Five men from New York were indicted on charges of kidnapping and murder after they were accused of luring a delivery driver before abducting him and killing him, federal officials said.
On July 19, a group of men used an “Internet-based cellphone application” to order food delivery from a restaurant in New York City, according to a Nov. 29 news release from the U.S. Attorney’s Office for the Southern District of New York.
Peng Cheng Li, an employee of the restaurant, was sent out to deliver the food to an unspecified location in Flushing, Queens, federal officials said.
When Li arrived, Donxing Zheng, 28, Wangchao He, 29, Jiangnan Lin, 22, Dong Liu, 35, and Sui Zhang, 22 were waiting for him, according to the release.
The five men assaulted Li, then kidnapped him in the hopes of collecting a ransom, according to officials.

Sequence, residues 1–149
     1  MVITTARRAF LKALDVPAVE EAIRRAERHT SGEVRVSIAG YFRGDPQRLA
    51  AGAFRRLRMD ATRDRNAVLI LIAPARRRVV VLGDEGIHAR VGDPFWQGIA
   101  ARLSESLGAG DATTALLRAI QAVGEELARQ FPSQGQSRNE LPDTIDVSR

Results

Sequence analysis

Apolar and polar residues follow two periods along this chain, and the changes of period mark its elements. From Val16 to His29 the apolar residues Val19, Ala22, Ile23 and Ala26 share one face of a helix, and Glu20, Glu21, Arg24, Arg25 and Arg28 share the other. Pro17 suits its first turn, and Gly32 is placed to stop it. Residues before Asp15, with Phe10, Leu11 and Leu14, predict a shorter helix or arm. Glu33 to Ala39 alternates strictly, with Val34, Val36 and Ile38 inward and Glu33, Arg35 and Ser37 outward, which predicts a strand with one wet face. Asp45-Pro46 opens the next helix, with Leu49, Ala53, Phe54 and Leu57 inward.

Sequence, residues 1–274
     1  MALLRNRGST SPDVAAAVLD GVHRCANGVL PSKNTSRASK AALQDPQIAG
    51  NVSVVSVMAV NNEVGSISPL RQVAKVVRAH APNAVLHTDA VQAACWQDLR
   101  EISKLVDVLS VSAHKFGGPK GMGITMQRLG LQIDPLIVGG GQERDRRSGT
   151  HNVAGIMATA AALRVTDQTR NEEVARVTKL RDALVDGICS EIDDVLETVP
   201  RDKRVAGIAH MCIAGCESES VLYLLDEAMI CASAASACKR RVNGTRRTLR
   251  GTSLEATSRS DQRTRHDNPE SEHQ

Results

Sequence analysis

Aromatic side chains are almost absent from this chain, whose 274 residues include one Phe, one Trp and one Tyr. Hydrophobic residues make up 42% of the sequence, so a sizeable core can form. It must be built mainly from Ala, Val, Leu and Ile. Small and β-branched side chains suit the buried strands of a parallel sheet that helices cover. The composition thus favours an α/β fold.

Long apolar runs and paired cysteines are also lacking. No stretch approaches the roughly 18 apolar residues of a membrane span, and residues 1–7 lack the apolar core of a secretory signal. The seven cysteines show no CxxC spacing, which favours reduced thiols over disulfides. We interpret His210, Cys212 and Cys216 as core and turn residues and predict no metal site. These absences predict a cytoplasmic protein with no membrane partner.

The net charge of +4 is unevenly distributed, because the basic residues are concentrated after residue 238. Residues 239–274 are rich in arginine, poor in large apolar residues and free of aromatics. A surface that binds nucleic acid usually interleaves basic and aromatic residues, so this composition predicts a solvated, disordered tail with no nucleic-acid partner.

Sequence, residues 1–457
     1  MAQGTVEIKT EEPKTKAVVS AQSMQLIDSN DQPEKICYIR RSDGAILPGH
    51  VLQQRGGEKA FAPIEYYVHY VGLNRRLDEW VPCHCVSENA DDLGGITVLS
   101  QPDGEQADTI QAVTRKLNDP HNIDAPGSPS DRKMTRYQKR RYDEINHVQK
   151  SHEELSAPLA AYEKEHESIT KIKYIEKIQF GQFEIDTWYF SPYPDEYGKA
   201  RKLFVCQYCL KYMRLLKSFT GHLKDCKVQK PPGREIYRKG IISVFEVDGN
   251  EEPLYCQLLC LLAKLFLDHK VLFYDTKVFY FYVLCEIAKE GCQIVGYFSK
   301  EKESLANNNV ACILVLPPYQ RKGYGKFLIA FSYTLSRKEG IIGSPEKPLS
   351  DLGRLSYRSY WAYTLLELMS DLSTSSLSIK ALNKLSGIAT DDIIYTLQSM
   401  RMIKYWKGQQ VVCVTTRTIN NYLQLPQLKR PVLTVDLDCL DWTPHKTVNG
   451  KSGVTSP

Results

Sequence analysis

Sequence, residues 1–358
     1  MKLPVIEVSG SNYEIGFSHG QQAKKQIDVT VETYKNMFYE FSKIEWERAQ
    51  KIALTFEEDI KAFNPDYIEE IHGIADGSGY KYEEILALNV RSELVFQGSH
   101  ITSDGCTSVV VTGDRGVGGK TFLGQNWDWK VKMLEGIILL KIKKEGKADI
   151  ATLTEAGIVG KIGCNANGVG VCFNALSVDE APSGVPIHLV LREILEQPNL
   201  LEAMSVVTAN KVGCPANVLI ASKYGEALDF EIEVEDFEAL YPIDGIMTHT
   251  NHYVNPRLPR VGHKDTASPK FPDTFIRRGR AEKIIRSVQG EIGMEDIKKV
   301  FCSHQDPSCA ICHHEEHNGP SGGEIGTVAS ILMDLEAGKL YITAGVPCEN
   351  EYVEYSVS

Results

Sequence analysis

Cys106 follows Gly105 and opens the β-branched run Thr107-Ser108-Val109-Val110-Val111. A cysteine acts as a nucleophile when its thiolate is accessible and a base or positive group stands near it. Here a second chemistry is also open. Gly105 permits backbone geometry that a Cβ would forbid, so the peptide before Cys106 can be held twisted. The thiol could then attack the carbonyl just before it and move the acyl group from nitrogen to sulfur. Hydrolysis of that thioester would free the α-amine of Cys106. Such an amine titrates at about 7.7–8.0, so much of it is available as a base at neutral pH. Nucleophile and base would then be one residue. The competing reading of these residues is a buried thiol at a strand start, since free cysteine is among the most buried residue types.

Li was beaten before the group put him in his own vehicle, officials said, and Zheng drove Li around to other places, including Manhattan, the Bronx, Westchester County and then north to New Hampshire.
Two days later, Li was reported missing by friends, WMUR reported, and investigators began tracking his vehicle by using his license plate number.
The next day, Li’s body was discovered in a shallow grave in Twin Mountain near the last location his cellphone pinged a tower, naked with a fractured skull, according to the outlet.
“At some point after he was abducted, (Li) died, and Zheng and others known and unknown buried (his) body in a forest in New Hampshire,” federal officials said.
The five men, all from Queens and also known by their nicknames Ah Chao, Little Fatty, Ah Dong and 60, were involved in the distribution of ketamine in New York City, federal officials said.
He, Lin, Liu, Zhang and Zheng were all indicted on charges of kidnapping resulting in death, kidnapping conspiracy, and conspiracy to distribute ketamine, which combined would mean they each face life in prison or death if convicted.
“As demonstrated by this case, the dangerous combination of illicit drugs and brutal violence will never be tolerated in New York City,” New York Police Department Commissioner Edward A. Caban said in the release.